Thank you again to all who supported us this past year."

19 comments:

  1. Sorry, I have no sympathy for bad business plans and complaining about people who want living wages and sick people staying home and away from my food. This whole article reads like a whine about the middle class from the top percent. You complain about not enough people to hire, while also complaining about having to pay people whom you do hire a decent wage. It's expensive to live in Chicago and it doesn't help your workers if they can't afford to live. Your lack of advertisement coupled with odd location in the A-Ville area likely contributed greatly to your demise. That is not the fault of "future changes for 2017." Good day.

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    1. You hit it out of the park. I can only add location, location, location. Who puts a Costly Nuevo type restaurant there?

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  2. Way to blame workers receiving living wages for your closure. Last time I was there we waited almost 3 hours for food and when it came it was terrible. Maybe that's why you're closing.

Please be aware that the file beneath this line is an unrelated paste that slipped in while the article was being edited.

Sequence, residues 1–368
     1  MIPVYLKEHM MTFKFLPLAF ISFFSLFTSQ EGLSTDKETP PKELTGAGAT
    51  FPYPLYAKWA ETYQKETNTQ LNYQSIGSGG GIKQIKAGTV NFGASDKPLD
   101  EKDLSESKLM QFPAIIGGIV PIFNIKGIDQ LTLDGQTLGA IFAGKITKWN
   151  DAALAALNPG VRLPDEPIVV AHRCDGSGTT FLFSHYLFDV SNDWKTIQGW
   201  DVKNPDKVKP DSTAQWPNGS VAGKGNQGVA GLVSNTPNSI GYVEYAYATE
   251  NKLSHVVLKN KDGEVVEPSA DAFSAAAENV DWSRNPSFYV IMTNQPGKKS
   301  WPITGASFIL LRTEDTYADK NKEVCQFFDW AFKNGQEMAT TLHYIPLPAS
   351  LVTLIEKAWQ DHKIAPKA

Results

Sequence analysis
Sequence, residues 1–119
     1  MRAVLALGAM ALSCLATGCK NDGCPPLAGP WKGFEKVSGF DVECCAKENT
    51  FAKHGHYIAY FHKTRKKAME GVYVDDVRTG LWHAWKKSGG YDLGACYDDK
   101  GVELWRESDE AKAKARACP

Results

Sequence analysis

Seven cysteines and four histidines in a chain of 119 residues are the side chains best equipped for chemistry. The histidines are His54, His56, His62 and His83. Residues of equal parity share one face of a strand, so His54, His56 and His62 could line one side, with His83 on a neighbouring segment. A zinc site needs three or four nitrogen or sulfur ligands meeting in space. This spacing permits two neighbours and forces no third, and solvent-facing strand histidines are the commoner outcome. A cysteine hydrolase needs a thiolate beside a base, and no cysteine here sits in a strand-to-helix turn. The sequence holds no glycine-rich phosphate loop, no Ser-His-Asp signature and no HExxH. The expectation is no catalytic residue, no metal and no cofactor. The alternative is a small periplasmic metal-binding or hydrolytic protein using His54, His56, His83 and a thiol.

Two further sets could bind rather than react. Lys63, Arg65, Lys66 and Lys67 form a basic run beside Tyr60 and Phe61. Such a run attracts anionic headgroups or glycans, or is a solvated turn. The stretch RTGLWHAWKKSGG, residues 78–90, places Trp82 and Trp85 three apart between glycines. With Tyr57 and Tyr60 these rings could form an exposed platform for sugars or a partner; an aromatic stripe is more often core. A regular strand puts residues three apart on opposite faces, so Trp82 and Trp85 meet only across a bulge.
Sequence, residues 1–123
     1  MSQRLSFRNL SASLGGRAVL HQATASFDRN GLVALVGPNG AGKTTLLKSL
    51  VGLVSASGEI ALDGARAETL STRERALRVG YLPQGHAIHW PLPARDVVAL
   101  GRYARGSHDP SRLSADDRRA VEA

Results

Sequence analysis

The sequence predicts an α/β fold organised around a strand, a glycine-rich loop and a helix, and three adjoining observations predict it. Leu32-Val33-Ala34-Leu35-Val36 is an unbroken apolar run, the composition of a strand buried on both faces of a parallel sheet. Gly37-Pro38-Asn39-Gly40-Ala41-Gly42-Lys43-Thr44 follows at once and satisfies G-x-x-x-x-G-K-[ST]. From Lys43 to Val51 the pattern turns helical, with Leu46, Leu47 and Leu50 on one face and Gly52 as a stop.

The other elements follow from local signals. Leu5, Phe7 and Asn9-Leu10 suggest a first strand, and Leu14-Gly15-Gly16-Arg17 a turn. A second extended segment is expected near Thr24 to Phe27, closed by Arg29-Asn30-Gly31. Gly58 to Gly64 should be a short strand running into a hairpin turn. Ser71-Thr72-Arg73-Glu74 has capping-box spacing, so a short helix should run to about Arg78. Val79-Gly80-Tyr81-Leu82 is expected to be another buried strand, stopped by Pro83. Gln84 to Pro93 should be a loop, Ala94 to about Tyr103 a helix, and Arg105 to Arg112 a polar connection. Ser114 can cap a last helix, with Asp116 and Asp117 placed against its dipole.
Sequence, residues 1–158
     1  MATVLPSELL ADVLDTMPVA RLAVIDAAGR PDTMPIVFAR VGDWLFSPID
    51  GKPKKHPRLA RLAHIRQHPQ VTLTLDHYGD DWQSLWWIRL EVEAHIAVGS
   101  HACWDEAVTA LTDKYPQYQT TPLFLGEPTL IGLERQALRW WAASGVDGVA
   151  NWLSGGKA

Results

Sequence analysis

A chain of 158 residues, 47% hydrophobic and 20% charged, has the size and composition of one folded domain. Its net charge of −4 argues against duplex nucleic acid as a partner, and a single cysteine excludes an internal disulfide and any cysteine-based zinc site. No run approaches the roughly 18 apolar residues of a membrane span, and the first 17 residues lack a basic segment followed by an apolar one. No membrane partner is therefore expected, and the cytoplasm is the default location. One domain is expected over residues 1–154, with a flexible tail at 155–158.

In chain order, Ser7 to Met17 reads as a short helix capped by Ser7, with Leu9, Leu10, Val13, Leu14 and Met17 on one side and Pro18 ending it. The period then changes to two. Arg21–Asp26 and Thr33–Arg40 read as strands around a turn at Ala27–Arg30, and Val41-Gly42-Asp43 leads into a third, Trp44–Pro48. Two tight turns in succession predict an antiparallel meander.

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  3. Wait, wait, wait. In the statement, they say that the new FLSA rule taking effect on 12/1 would double the salaries of managers. The new threshold is just over 47k per year to be classified as exempt salary employee...

    So, the managment team was only making around 23-24k per year?!?! No wonder you had recruiting and management issues.

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    1. This place was a bad idea from conception.

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  4. Might have something to do with the service there. Tried it once. Waited 2 hours to get the food.